3. What’s the best advice you’ve received in the course of your career? Who was it from, and how did it impact you?
When I worked as a photojournalist for my college newspaper, my mentor Gerry Mooney, always told me to take a photo every day. This was back in the days of film, and I remember telling him the cost of film and processing was a bit expensive for a college kid. He said that film should be the cheapest part of my education and growth, and with every photo I take, be it crappy or good, it’s investing in my path as a photographer. It took me a while, but I got what he was trying to say.
So, I also advise many aspiring artists or programmers to do a little bit every day. Don’t stop creating something, and even if it’s taking a photo on your phone or just doodling on a piece of paper. I can’t guarantee that will make you rich or famous, but every day you get to make/create something, it helps on your journey, and let’s face it, any day you get to do a little bit of what you love, it’s a good day.
4. You have worked on many well-recognized projects. Which do you consider to be your first ‘big break’ and why?
I am lucky that Lucasfilm opened a sister studio in Singapore, and my very first project after graduation was The Clone Wars animated series. Star Wars is such a recognizable brand worldwide, and it was great to have that as my first assignment.
As for my “big break,” I think it was working on the very first Avengers movie. As a nerdy kid, I loved comics, and amongst my fellow nerdy friends, I was the only one who connected with the Avengers comics while X-Men was the more popular series. Working on something that I grew up loving was an extraordinary feeling. It was great seeing all the characters in their movies, but to come together and be part of this team, I really felt like I was 13 again. To be honest, I thought the movie was going to flop, but when it became such a huge success, that was the first time I felt I chose the right career.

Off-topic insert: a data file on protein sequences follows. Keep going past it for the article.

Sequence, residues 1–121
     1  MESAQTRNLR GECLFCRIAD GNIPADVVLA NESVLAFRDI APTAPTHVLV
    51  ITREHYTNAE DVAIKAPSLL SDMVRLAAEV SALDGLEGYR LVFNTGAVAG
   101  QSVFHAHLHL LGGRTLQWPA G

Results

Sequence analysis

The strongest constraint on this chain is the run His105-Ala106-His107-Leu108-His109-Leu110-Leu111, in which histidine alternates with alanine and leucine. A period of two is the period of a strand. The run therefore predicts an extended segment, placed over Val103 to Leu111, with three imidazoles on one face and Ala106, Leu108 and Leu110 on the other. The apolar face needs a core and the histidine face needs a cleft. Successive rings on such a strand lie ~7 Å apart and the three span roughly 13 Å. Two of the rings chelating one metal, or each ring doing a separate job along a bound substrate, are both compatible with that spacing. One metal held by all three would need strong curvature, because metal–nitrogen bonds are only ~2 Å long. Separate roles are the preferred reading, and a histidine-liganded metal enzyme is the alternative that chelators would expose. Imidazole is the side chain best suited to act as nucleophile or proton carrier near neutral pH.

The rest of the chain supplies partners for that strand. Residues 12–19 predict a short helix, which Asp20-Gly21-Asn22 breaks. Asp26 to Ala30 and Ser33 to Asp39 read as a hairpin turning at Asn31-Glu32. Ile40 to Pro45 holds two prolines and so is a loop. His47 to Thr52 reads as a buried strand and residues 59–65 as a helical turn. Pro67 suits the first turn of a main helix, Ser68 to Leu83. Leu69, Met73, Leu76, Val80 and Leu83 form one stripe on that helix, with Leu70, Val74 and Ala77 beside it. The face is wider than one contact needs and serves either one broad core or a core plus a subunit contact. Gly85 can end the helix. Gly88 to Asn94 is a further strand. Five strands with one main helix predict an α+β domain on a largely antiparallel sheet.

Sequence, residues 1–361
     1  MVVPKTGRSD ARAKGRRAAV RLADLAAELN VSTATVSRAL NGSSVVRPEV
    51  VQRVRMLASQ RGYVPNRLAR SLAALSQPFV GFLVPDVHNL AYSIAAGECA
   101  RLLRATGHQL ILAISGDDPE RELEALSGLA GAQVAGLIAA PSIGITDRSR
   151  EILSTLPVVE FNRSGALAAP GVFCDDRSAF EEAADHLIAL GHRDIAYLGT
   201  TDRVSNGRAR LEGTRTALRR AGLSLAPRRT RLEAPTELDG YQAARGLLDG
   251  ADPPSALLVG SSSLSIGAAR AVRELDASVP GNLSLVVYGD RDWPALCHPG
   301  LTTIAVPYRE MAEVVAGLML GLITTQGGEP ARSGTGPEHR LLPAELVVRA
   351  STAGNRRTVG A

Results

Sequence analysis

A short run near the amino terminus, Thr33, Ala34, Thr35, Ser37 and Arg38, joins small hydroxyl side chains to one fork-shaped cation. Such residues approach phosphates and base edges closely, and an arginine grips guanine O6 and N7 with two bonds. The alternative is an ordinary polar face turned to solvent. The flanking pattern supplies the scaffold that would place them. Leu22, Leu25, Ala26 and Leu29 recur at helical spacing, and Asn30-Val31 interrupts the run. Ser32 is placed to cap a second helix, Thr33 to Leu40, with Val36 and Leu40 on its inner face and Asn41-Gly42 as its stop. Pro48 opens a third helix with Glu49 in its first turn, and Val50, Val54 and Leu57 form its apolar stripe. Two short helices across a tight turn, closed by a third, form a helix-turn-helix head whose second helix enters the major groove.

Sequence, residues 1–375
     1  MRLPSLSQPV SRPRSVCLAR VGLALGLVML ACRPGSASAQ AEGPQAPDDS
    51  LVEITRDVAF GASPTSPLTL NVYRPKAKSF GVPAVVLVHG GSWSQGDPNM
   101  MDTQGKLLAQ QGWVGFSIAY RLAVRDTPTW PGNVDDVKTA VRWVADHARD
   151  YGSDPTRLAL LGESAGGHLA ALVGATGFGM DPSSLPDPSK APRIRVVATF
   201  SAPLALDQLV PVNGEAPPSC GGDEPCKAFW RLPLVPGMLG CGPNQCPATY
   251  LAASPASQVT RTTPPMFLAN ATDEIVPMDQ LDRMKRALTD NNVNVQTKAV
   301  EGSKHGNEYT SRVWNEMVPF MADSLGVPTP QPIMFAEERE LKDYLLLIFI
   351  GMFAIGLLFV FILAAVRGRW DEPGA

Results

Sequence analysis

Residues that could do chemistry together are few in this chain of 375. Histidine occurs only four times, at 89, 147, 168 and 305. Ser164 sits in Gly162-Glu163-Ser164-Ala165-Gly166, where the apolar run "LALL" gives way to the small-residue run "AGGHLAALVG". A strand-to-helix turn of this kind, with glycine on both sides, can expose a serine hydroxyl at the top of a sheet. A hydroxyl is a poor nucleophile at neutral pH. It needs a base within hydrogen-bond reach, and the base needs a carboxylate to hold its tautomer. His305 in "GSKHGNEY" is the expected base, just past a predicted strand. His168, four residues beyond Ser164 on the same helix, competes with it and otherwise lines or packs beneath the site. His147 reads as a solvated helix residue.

The other big moment for me was being asked to be a Lead Simulation Technical Director on Toy Story 4. Toy Story was such a significant influence for me that when I first worked on a shot, I couldn’t believe that I was working on characters like Buzz and Woody, who had such an impact on me when I was a kid.
5. How do you stay connected to family in Singapore and Malaysia?
With social media, it’s harder NOT to stay connected, and it’s effortless to stay up to date with friends and family. Especially for friends/family who post often, I know more about what’s going on in their lives than I do my next-door neighbor!
Of course, there’s such a strong Singaporean/Malaysian community here in the Bay Area that it’s easy to find someone you can count on. People like David Ho and his wife, Michelle, are instrumental in keeping this community strong. Even with the pandemic, the community has been crucial in ensuring everyone returning home is up to date with the latest procedures and requirements.
However, a huge problem in feeling connected to home is the lack of excellent local cuisine here in the Bay Area. There are great stalwarts who are holding down the fort, but we could use more, a lot more…